International Business Seminars

International Business Seminars - Module 1 & 2 – Program Orientation & Introduction to Japan

Module 1 & 2 – Program Orientation & Introduction to Japan

Virtual Japan Home

Please note all times are listed in Pacific Daylight Time.

DateTimeActivityModule 1
May 15, 2021
5:00 PM PDTProgram Orientation (Live interactive discussion)
• Outline structure of virtual experience
• Faculty presentation on key concepts, expectations, and desired outcomes
• Meet fellow students
6:15 PM PDTIntroduction to Japan (Live interactive presentation)
• General cultural introduction
• Business cultural introduction

Module Zoom Meeting Link:
Please click the link below to join Virtual Japan Zoom Meeting Room.

  1. Program Orientation and Intro to Japan Zoom Meeting

Module 1

Program Orientation:

(Live Interactive Discussion)

During this presentation, your leaders will outline the structure of this virtual experience and set the expectations for this program. This time will also be used to get to know your fellow participants and break the ice so that the group can work together more cohesively. We hope you will get a lot out of this experience and perhaps make some lasting connections and friendships!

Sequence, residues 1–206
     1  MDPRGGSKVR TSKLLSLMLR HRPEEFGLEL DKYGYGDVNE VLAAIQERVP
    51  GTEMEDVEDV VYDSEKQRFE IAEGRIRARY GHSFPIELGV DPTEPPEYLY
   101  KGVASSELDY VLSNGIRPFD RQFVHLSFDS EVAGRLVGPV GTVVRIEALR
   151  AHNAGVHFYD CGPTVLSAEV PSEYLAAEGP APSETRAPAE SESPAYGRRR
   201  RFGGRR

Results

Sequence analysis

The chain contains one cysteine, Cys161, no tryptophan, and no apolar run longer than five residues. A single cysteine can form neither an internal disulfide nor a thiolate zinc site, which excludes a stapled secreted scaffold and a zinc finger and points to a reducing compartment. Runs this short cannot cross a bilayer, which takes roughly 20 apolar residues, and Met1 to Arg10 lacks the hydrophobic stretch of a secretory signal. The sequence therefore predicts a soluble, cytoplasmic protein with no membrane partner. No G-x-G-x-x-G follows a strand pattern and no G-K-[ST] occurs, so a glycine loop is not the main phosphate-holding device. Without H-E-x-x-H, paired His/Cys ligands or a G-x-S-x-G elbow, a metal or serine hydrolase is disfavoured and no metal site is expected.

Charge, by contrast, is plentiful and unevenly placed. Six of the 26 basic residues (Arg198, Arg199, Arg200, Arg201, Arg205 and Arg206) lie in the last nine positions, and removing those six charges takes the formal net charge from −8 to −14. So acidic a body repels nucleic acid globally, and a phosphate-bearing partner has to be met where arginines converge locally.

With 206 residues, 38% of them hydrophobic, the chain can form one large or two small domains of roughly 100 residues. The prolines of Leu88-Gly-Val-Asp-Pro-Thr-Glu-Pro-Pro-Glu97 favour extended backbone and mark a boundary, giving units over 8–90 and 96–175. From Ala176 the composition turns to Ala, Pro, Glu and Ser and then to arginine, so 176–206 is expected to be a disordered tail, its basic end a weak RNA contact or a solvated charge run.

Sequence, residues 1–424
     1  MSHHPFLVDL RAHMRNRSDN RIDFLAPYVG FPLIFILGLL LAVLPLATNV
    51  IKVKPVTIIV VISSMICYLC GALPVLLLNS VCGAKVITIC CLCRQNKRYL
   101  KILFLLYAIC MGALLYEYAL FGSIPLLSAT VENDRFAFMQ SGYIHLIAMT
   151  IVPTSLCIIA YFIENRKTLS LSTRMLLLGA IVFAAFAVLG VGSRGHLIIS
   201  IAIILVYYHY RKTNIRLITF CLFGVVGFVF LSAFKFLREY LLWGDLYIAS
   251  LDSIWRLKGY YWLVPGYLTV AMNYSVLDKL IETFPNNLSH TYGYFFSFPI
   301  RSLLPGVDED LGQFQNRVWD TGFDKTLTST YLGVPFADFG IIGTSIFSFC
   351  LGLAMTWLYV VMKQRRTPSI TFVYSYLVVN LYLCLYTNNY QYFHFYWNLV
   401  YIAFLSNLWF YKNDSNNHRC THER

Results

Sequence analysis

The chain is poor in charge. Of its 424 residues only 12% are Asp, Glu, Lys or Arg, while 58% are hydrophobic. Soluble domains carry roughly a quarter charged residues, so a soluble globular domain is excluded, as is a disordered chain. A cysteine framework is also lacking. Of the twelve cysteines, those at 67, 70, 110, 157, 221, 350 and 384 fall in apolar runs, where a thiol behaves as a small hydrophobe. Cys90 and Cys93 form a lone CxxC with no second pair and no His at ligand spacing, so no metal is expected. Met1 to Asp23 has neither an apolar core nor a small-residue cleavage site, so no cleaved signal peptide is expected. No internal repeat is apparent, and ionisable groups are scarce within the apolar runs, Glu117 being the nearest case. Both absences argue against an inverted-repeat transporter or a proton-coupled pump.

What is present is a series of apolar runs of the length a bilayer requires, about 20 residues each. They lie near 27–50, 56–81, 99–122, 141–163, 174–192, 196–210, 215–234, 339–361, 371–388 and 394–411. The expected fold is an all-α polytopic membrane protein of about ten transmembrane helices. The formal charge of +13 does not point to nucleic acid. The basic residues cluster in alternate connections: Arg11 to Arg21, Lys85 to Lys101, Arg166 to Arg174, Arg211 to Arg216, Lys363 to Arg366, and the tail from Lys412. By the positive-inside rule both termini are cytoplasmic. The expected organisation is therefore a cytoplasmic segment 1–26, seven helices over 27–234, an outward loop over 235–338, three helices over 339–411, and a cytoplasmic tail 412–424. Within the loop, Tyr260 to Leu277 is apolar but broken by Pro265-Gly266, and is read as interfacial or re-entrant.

1. Welcome – “What do you want to get out of this seminar?”
  2. Introductions
  3. Outline Structure
  4. Basic Layout of the Program
  5. Ice Breakers

Professor Introduction:

(Live Interactive Presentation)

After you have all gotten acquainted with your leaders and fellow students, the faculty will present on key concepts, expectations, and desired outcomes of this program. Now is a great time to ask questions so use the chat function included in the Zoom meeting room to ask questions that the faculty can answer when they are done presenting. Throughout this whole program, we encourage you to ask any questions you may have. Those questions can either be emailed to JD before or after a session or typed up using the chat function in the Zoom meeting rooms to be answered when the presentation is done.


  1. Key Program Concepts
  2. What to Expect
  3. Desired Learning Outcomes
  4. Professionalism & Punctuality
  5. Respect, Culture & Language

Dr. Robert King, West Texas A&M University

Dr. Robert King

Dr. King is the Director of Graduate Business Programs, an Assistant Professor of Marketing, and a Wilder Professor of Business at West Texas A&M University in Canyon, TX. Dr. King teaches Principles of Marketing, Advertising, Strategy and Digital courses at both the graduate and undergraduate level and most recently won the 2019 Teaching Excellence Award in the Paul & Virginia Engler College of Business. Dr. King has led students throughout Europe and Asia.

You can reach Dr. King at:


J.D. Parker, Program Manager, International Business Seminars

J.D. Parker